– Making the tournament is a satisfying accomplishment for all teams who qualify. Perhaps there wasn’t a team that relished the opportunity to compete at the Cross Center more than the Easton girls. It had been twenty-six years since the Lady Bears played in a quarterfinal contest. In 1991 they were sounded defeated by Southern Aroostook. You would have to go all the way back to 1988 when the Easton girls last won a tournament game. That year they defeated Greenville before falling to Washburn in the semis. The coach of that team had a court side seat when Easton made their return appearance this year. Coaching the 1988 Easton Lady Bears was current MPA executive director Dick Durost.
Easton made the most of their appearance this year as they ousted Deer-Isle Stonington in the quarterfinals 45-23. They jumped out to a 12-2 lead in the semifinals before falling to top-seeded Southern Aroostook 48-42.
– The Houlton boys, winners of only two games a year ago rebounded nicely this year, finishing with an 11-8 record, concluding the season with a preliminary round loss at Belfast. The Shiretowners were led by veteran coach Tim Brewer, whose Central Aroostook teams won four state titles under his tutelage. While Houlton fell short of reaching the Cross Center, Coach Brewer’s coaching tree had deep roots at this year’s tourney. The aforementioned Easton girls were coached by Bryan Shaw. Easton’s boys team was coached by Manny Martinez, who also reached the semifinal round. Fans may best remember the diminutive Martinez for his buzzer-beating lay-up over Richmond’s 6’10” John Zaharchuk in the 2008 state title game at the Augusta Civic Center. The shot banked high off the backboard and through the net, leading the Panthers to victory.
Central Aroostook’s boys also advanced to the semifinal round, with former Panther player Jason Woodworth directing the charges. The Fort Fairfield boys, coached by Logan McLaughlin, advanced to their second regional final in three years. The Tigers gave heavily favored George Stevens Academy all they could handle, playing them even for three quarters before falling 59-45. Fort Fairfield won the Eastern Maine ‘D’ crown two years ago.
Justin Norwood, who coached the MDI boys to a regional title, also served as an assistant under Coach Brewer.
– The gustiest performance of the week has to go to Presque Isle’s junior point guard Emily Wheaton. In the Wildcats’ 37-36 quarterfinal win over John Bapst, Wheaton suffered a severely sprained ankle with about four minutes to play and her team leading by nine. The prognosis for a return performance in the semifinal did not look promising. Wheaton would play in the semifinal contest versus Foxcroft Academy, her injured ankle sporting a brace. While the injury appeared to slow her in Presque Isle’s 37-25 loss, the fact she was out there competing shows her grit and toughness.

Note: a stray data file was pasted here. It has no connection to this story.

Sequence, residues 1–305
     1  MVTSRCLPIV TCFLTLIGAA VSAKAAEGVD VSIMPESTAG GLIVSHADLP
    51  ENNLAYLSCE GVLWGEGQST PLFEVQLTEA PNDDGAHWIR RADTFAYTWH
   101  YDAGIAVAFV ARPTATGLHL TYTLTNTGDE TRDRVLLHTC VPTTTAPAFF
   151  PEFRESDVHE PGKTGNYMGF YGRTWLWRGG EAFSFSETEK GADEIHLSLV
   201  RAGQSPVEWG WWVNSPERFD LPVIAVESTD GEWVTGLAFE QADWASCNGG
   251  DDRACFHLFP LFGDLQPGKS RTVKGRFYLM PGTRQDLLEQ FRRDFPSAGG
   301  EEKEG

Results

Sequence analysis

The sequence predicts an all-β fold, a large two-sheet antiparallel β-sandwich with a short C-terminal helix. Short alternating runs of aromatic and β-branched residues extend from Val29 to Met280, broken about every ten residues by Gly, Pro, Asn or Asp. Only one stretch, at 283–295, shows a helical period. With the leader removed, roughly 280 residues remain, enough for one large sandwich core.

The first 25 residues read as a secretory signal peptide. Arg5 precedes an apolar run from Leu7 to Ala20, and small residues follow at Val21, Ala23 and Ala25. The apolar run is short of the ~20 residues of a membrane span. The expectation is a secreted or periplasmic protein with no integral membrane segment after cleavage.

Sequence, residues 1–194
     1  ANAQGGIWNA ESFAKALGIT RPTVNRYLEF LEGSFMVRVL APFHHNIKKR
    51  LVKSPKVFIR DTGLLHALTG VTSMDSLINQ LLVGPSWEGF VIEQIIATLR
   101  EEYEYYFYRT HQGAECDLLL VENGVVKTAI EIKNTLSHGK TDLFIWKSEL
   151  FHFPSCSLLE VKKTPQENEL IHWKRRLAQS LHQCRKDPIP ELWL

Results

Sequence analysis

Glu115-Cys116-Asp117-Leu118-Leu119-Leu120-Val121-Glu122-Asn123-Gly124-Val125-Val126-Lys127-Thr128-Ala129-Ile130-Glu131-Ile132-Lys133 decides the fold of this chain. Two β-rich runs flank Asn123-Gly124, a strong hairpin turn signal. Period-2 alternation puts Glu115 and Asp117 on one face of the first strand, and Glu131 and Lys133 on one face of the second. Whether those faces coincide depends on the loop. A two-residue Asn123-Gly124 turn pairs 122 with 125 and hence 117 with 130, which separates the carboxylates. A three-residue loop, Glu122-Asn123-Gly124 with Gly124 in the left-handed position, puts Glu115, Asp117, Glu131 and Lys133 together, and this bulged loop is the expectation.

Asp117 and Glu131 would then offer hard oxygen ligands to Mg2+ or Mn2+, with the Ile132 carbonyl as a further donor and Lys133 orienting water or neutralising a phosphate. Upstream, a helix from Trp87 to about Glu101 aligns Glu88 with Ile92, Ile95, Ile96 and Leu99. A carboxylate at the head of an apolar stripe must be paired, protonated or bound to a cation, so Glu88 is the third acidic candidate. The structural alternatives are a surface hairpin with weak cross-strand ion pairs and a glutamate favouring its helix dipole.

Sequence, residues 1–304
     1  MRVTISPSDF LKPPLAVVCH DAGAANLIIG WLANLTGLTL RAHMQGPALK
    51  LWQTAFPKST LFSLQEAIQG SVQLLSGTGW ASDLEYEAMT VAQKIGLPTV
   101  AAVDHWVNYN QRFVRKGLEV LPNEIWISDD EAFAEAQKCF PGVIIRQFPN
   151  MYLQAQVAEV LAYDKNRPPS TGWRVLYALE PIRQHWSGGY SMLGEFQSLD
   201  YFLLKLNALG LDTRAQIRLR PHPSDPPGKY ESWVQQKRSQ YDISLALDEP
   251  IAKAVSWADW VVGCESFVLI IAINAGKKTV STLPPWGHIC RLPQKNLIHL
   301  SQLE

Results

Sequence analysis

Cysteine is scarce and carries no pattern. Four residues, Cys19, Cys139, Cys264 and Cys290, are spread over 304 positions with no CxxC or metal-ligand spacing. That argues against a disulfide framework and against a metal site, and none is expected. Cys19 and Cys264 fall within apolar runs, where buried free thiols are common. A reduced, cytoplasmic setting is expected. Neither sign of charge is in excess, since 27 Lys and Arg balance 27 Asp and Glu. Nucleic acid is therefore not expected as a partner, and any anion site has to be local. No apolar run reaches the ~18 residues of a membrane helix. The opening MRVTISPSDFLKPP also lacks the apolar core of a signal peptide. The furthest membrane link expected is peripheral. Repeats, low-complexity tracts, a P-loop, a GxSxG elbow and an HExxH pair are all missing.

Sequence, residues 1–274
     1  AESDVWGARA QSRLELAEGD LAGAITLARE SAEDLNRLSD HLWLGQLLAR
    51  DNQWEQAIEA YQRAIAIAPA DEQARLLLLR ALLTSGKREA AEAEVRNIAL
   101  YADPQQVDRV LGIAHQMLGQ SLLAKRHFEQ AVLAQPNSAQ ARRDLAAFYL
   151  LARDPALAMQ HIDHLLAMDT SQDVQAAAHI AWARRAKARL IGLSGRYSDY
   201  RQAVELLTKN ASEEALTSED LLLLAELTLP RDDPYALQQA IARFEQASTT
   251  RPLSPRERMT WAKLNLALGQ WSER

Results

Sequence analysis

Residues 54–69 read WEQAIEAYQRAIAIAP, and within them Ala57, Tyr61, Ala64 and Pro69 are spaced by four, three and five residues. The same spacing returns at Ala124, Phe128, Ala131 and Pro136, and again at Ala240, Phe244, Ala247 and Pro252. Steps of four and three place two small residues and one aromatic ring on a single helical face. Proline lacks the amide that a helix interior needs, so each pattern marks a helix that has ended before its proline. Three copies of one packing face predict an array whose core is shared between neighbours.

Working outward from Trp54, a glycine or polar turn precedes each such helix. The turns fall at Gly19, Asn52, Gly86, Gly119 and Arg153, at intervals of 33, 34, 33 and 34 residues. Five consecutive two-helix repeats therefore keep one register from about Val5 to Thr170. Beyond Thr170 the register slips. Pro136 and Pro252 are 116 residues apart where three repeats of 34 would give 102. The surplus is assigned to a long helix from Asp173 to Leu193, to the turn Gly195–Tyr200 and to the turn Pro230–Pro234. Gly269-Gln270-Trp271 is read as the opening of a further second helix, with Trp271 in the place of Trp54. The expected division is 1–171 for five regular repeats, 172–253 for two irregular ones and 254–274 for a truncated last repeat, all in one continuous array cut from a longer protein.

– Fans looking for lots of scoring would be disappointed by the 2017 tournament. Out of forty-two games played, only three contests had each team scoring fifty or more points. Those three contests, all boys games, were Hermon vs. Washington Academy (55-51), Southern Aroostook vs. Greater Houlton Christian (73-50), and Fort Fairfield vs. Schenck (60-50). In nineteen games the winning team scored less than fifty points.
– The higher seed won 32 out of 42 games at the B, C, and D tournament.
– State championship games typically match unknown opponents. That’s not the case with the Class D boys championship game Saturday at the Cross Insurance Center. Machias and Greenville split a pair of contests during the regular season. Machias opened their season at home with a 57-45 victory over the Lakers. Later in the season at Greenville, the host Lakers prevailed with a 49-47 victory. The contests mark the only losses for each team this season.
Many of the moments that marked the 2017 high school basketball tournament will soon be forgotten. For those who participated, for their fans, and followers these are times which will be cherished forever. No matter the outcome of the games, these players have had, to coin the phrase from March Madness, their one shining moment. That is why those of us who pilgrimage to this event year after year love it so.